Plans to cut off public lands to oil, natural gas drilling and leasing are unrealistic
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Like the Green New Deal, any new, radical proposal seems to warrant discussion, no matter how unrealistic, unlawful or politically unviable. So it is with Sen. Elizabeth Warren’s (D-Mass.) plan for a moratorium on oil and natural gas drilling and leasing on federal lands. 

Taking those in reverse order, the plan may sound great to her liberal base. To the 10.3 million Americans employed directly or indirectly by the industry’s $1.3 trillion economic engine, it sounds like lots of lost high-paying, blue-collar jobs. It may be good for votes in California and New York, but not across the Heartland.

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But does a President Warren have the legal authority to stop development on public lands? Not according to the Mineral Leasing Act and the Federal Land Policy and Management Act, which have been the law of the land for many decades. When the Obama administration tried a moratorium on offshore development, it was overturned in court.

More importantly, it’s just not realistic. A moratorium on public lands is part of an agenda to stop developing American energy. Since fossil fuels provide over 80 percent of the energy that all Americans depend on for their healthy and safe lifestyles, it’s simply unrealistic to cut them off.

Americans aren’t going to suddenly stop traveling to work and school; heating and cooling their homes; taking medicines, which are made from petroleum products; using medical devices with all their plastic and electronic components made from petroleum; and eating food made using natural gas based fertilizers and machinery run on diesel.

So what happens if we stop developing oil and natural gas in America? We take the $350 billion the industry has kept here by displacing foreign oil and send it overseas, along with millions of jobs. And since oil exporting countries like Russia and Saudi Arabia don’t produce it under our strict environmental rules, the greenhouse gas intensity of our energy would increase.

Many who espouse drastic climate change policies prescribe a cure that’s worse than the symptoms. They fail to take into account mitigation strategies or future technological breakthroughs that may solve climate change and its impacts. They ignore the fact increased use of natural gas in the electricity sector is the No. 1 reason the United States has reduced greenhouse gas emissions more than any other country. Increased natural gas electricity generation has eliminated 2.36 billion metric tons of greenhouse gases.

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Until such time as there’s a viable alternative that does everything oil and natural gas do, stopping all use would result in immediate adverse impacts and yes, even death. We should continue acting on climate change, but making oil and natural gas go away won’t suddenly provide a reliable, affordable alternative.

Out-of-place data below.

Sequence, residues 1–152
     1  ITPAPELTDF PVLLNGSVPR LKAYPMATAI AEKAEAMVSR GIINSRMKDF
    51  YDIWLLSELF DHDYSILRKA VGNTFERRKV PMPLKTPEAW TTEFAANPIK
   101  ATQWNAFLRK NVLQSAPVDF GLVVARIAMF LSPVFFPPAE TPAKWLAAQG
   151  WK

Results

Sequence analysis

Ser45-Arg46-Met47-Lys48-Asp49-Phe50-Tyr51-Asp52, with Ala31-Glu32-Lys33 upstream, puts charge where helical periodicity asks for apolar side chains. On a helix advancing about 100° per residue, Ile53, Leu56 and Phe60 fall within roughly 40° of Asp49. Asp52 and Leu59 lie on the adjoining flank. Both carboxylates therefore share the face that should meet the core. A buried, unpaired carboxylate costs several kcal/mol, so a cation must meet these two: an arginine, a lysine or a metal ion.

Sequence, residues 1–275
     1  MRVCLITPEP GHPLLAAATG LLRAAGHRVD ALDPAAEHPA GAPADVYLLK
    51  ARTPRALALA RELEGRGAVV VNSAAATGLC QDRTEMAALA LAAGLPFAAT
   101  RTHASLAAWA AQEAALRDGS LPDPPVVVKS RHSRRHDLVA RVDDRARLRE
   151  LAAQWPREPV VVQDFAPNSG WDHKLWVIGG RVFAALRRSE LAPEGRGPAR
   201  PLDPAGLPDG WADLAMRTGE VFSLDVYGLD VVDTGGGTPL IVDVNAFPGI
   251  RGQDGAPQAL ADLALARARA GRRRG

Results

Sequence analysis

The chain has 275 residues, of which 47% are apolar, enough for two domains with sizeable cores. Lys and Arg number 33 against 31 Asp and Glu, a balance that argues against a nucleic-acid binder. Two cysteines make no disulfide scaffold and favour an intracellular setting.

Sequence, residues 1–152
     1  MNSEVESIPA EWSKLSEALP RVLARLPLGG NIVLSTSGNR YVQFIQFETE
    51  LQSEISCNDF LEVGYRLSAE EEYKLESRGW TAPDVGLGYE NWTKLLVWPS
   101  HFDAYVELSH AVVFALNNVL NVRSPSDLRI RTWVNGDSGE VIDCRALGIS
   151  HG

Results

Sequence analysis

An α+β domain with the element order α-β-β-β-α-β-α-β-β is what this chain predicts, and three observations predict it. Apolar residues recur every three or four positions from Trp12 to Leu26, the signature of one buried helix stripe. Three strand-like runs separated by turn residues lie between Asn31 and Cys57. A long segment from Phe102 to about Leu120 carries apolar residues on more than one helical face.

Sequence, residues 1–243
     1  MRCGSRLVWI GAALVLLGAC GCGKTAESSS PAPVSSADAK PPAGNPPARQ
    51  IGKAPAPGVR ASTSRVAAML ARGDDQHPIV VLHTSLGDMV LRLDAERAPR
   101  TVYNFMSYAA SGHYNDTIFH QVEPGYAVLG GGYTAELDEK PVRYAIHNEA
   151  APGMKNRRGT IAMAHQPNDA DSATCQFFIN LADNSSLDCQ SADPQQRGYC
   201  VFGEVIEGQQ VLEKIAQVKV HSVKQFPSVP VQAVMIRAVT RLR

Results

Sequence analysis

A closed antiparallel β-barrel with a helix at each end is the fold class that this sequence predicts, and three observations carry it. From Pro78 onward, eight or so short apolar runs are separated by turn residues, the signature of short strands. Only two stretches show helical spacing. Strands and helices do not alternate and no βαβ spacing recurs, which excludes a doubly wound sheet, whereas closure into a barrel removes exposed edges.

We simply aren’t willing as a society to tolerate emergency rooms operating only when the wind blows and the sun shines, or using our smart phones for just a few hours a day. We don’t have an alternative to keep people warm during the winter months. Politicians should increase funding for R&D, not stop the energy we need today and into the foreseeable future.

But back to public lands. We get about a quarter of our energy from fossil fuels developed on public lands, which corresponds to roughly the same amount of greenhouse gases. Some of that slack could be taken up on private lands, but not all of it. A moratorium would deprive the federal government of billions in royalty revenues that companies pay.

Further, oil and natural gas is the source of funding for the Land and Water Conservation Fund, which her plan calls for increasing. Where would those funds come from? A moratorium would likewise deprive the government of funding for national parks.

Over 200 million acres of national parks, wilderness and other protected areas are already off limits to development. But there are millions of acres of working landscapes across the West that have been deemed appropriate for oil and natural gas only after years of careful analysis and public input. Sending that production to other areas of the country or overseas deprives communities across the West of their livelihoods, and federal and state governments of a huge source of revenue.

Luckily, we can do both. Despite Sen. Warren’s negative messaging, oil and natural gas development on public lands is done responsibly to protect the environment. We’re proud of our environmental record and all the ways we keep Americans safe and healthy.

As Sen. Warren and I agreed during a hearing in 2016, public lands decisions should be made with public input. A future president should engage the public in a discussion that considers the benefits of oil and natural gas, and not deliver an unrealistic Keep-It-in-the-Ground directive that just doesn’t make sense.

Kathleen Sgamma is President of Western Energy Alliance, which represents over 300 companies engaged in all aspects of environmentally responsible exploration and production of oil and natural gas in the West. Alliance members are independents, the majority of which are small businesses with an average of fifteen employees. Learn more at www.WesternEnergyAlliance.org.